Clint Eastwood has had a rough past couple of features. In the past decade, outside of the excellent Letters from Iwo Jima, the beloved director has made passionless exercises in unsubtly. While his last feature, Hereafter, was divisive, at least it played admirably outside Eastwood’s comfort zone.
There is nothing admirable about J. Edgar. In fact, it’s near offensive in its mediocrity.
How one takes such a complex and rich figure like J. Edgar Hoover and makes a stale bio-by-numbers film is hard to imagine, Eastwood achieves so much through journeyman-like directing and sloppy, obvious storytelling.
Eastwood’s tone deafness is astonishing. A scene that perfectly encapsulates this painful flaw left my audience in stitches, where we finally get the shoehorned-in scene of J. Edgar “cross dressing.” The scene derives from heartbreak and grief, caused by the death of Hoover’s dominant and loving mother, Annie Hoover (Judi Dench). In the proper hands, it would be an emotionally-grueling sequence.
Here, it’s hilarious. It’s pandering, as is the rest of the film.
And while the veteran filmmaker isn’t always one for internal or organic storytelling – more than a few scenes in his recent fare garner laughs instead of tears thanks to his overwrought direction – with J. Edgar Eastwood is at his most condescending.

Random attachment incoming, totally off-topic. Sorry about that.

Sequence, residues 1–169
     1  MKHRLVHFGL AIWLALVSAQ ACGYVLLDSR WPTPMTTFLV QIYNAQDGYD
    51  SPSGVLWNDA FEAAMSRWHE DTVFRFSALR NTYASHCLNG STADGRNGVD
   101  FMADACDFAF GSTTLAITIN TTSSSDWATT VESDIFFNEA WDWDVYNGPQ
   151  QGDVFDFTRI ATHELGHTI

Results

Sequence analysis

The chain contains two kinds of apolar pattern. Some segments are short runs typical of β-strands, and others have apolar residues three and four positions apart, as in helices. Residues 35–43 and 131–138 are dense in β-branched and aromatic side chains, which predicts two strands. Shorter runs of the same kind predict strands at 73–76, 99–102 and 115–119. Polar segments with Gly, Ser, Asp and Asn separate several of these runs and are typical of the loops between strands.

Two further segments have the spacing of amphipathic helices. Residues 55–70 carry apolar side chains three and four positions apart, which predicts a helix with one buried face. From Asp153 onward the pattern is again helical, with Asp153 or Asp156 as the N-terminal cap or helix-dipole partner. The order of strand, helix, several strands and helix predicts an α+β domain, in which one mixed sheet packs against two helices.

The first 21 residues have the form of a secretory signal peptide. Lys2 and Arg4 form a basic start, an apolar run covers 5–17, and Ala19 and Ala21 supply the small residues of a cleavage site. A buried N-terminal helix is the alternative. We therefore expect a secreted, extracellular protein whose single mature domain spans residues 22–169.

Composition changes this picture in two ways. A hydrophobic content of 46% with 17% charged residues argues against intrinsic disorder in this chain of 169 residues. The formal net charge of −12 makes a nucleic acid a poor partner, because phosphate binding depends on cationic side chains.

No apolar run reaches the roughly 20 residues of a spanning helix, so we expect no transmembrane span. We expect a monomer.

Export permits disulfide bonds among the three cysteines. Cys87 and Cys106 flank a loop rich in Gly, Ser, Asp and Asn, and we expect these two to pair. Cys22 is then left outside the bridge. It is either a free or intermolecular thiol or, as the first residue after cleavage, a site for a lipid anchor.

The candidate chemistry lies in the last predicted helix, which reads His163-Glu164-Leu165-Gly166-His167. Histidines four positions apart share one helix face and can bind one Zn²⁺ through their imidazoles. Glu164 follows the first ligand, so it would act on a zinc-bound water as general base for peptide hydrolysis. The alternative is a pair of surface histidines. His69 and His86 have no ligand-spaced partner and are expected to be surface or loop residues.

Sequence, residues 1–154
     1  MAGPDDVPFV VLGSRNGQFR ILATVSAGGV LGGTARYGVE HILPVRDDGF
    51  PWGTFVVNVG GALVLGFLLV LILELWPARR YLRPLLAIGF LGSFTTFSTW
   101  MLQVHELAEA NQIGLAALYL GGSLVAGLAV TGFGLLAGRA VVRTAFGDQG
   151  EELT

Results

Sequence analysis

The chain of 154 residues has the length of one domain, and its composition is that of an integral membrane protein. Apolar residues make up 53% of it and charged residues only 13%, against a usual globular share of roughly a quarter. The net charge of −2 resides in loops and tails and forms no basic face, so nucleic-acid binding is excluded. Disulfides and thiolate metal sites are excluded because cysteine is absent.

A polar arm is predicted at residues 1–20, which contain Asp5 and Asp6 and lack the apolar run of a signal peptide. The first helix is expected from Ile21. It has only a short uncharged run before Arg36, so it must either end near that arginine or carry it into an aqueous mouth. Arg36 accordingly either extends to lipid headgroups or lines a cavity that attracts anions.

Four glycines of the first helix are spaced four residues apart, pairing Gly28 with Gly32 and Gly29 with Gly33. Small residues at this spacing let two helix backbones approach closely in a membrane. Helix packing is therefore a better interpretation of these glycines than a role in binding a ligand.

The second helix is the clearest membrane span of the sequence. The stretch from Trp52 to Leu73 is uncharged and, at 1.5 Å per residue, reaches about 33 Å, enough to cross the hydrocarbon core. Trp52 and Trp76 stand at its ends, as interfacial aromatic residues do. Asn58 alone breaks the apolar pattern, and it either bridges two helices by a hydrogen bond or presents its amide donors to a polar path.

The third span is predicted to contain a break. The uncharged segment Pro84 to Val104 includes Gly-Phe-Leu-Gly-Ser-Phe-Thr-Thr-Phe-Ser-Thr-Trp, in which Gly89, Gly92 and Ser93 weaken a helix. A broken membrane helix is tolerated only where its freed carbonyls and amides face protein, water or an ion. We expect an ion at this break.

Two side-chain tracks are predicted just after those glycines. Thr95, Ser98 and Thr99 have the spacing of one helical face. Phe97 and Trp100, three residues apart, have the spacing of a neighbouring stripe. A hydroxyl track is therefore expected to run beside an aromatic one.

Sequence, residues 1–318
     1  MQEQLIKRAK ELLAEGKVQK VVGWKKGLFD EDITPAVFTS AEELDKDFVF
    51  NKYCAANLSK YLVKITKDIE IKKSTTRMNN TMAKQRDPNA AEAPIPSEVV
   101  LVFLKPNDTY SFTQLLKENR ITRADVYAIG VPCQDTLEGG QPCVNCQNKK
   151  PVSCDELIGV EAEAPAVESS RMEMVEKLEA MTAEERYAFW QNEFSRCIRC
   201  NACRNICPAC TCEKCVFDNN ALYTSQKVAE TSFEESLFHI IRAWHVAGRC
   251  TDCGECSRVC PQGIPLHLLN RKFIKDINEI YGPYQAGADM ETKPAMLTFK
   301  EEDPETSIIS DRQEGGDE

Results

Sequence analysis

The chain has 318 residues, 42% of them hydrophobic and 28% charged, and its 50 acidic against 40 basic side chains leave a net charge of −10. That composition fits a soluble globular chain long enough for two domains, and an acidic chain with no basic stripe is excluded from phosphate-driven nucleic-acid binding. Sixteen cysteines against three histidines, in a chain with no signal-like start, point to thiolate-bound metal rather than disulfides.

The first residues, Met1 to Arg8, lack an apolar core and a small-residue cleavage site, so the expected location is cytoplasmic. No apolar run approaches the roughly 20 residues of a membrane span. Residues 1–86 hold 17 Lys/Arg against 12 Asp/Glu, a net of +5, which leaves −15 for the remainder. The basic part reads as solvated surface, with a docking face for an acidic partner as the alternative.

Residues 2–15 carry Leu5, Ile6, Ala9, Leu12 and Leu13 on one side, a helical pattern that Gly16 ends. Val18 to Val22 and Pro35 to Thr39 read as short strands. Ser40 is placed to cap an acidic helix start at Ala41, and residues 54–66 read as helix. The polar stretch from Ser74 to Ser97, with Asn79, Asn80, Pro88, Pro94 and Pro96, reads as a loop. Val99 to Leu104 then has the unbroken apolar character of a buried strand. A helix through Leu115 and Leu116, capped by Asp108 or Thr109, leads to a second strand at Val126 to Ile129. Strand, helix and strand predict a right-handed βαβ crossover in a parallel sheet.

Outside of that sensation of watching a dull History Channel documentary the film captures, it reminds one of that feeling as a child where adults would egregiously talk down to you, not trusting your intelligence on any level. The once-great filmmaker won’t let an idea seep in or let one find it in a rich way, he intends on shoving it and shouting it into everyone’s face until there is no possible way someone can not come away knowing his intent.
When Clyde Tolson (Armie Hammer), Hoover’s right-hand man and non-sexual life companion, finally breaks down, Hoover’s response could not be more pandering. After Clyde leaves the room in pain, Hoover mutters to himself, “I love you, I love you.” Why have DiCaprio, who’s hit and miss in his accent slipping and directorially held-back performance, utter those heavy-handed words when the actor is fully capable of saying it all internally?
Throughout all of J. Edgar, DiCaprio and the rest of the cast are consistently undermined by Eastwood’s flat direction and Dustin Lance Black‘s messy script. Black found such sensitivity and beauty with Milk, two things non-existent this time around. This isn’t a story, but a bland and episodic retelling of sugarcoated events. The core theme Black strives for – true identity versus one’s public image – is intriguing but executed with little dramatic tension.
This is a biopic that never comes close to giving its complex subject cinematic justice, undermined by Eastwood’s ham-fisted and overwrought approach.
J. Edgar is now in limited release and opens wide on Friday, November 11th.